Tips on Measuring Performance

One of the most common questions during evaluation of AMPS is how best to measure and quantify the overall performance of the application that uses AMPS.

There are several factors that are included in any meaningful discussion of performance:

Performance of the Underlying Hardware

AMPS is designed to use the underlying hardware as efficiently as possible, and does not suffer from artificial bottlenecks that limit performance.

The implications of this, though, are that the performance available from an installation of AMPS depends on the capacity of the underlying hardware.

In particular, pay attention to:

  • Storage device speed and bandwidth (for applications that persist data)

  • Memory speed

  • Network speed and capacity

Often, you can come up with the theoretical maximum performance of a system based on the underlying hardware. For example, storage that can only write 80MB/s would be unsuitable for a system that needs to retain messages that arrive at a sustained rate of 100MB/s.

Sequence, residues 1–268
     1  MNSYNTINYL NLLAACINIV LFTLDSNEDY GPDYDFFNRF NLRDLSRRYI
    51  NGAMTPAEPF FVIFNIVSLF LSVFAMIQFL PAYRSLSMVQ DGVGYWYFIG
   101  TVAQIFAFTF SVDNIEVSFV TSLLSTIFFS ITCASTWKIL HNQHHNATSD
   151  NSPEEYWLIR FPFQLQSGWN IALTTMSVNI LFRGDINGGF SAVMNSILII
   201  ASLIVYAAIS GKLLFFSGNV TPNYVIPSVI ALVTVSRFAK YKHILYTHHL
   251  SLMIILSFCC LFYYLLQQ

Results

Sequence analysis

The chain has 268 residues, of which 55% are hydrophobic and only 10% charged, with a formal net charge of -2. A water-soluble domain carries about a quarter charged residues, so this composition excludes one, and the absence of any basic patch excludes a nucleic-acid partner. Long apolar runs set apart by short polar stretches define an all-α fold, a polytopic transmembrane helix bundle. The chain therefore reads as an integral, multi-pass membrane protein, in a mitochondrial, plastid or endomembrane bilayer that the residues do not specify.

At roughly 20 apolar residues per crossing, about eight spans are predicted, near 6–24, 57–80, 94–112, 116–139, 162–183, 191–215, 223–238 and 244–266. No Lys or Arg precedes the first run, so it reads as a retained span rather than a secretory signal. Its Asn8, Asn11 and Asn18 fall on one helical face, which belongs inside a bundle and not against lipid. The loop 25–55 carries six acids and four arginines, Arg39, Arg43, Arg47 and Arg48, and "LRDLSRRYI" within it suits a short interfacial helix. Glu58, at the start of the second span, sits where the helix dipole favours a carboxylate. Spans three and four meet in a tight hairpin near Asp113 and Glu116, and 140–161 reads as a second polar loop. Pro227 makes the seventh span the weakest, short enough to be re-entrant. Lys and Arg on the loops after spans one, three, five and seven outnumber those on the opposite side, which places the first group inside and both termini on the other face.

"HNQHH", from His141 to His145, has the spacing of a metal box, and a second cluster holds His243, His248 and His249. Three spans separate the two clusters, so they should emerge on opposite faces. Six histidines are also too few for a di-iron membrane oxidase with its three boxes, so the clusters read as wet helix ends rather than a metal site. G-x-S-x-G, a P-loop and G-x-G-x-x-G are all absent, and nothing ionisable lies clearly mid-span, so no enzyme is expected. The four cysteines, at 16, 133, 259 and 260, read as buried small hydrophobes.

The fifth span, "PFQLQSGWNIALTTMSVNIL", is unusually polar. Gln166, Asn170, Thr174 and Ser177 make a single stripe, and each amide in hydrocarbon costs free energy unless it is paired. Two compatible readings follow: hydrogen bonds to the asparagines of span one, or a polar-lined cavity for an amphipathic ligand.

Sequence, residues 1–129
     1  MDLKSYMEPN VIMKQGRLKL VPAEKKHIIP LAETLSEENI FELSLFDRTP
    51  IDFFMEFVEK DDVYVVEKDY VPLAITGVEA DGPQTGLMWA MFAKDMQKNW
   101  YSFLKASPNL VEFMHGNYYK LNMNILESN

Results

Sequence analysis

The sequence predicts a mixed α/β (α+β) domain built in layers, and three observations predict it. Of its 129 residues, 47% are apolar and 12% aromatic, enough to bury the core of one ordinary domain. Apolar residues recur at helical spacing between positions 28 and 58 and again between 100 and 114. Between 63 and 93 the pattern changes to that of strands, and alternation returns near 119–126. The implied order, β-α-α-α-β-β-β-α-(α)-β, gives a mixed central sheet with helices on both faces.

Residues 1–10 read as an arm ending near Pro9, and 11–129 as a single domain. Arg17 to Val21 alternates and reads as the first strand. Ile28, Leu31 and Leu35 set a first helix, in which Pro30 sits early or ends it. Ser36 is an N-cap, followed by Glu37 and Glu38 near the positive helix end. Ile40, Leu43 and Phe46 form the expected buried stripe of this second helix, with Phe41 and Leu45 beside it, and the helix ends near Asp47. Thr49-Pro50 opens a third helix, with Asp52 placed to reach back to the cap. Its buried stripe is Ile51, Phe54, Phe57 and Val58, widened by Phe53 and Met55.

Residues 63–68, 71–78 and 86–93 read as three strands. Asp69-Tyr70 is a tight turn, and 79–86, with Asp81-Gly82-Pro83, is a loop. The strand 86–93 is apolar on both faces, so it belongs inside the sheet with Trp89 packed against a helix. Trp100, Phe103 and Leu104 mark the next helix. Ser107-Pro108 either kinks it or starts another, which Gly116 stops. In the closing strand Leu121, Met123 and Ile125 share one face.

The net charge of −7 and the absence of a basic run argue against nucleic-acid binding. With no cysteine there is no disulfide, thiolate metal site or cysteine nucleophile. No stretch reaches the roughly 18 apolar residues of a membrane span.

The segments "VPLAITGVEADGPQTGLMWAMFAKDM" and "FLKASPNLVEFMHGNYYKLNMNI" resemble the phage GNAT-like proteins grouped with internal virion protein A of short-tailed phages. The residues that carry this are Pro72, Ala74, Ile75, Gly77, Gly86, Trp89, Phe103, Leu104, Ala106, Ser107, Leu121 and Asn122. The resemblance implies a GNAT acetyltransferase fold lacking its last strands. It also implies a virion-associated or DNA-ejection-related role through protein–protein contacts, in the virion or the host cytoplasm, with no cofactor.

Likewise, a system with 64GB of memory would see reduced performance for lookups on a 128GB data set, so benchmarking an application that retains 128GB of active data on a system with 64GB of memory will produce very different results than the same benchmark run on a system with 256GB of memory.

Operating System Performance

Most Linux distributions and installations are, by default, tuned for interactive desktop usage. This is convenient when developing applications, but can produce reduced performance as compared with a well-tuned server.

Linux OS Settings in the AMPS User Guide discusses the Linux settings that are most often configured in a way that limits the performance of AMPS on a host. Before taking final benchmarks, tune the Linux host according to those guidelines.

Realistic Data Complexity and Volumes

AMPS is designed for high-throughput, low latency messaging. This means that AMPS typically performs better with a realistic workload than with a very small number of messages. It is typically not useful to run a performance test with a small number of messages and then attempt to extrapolate the performance at scale.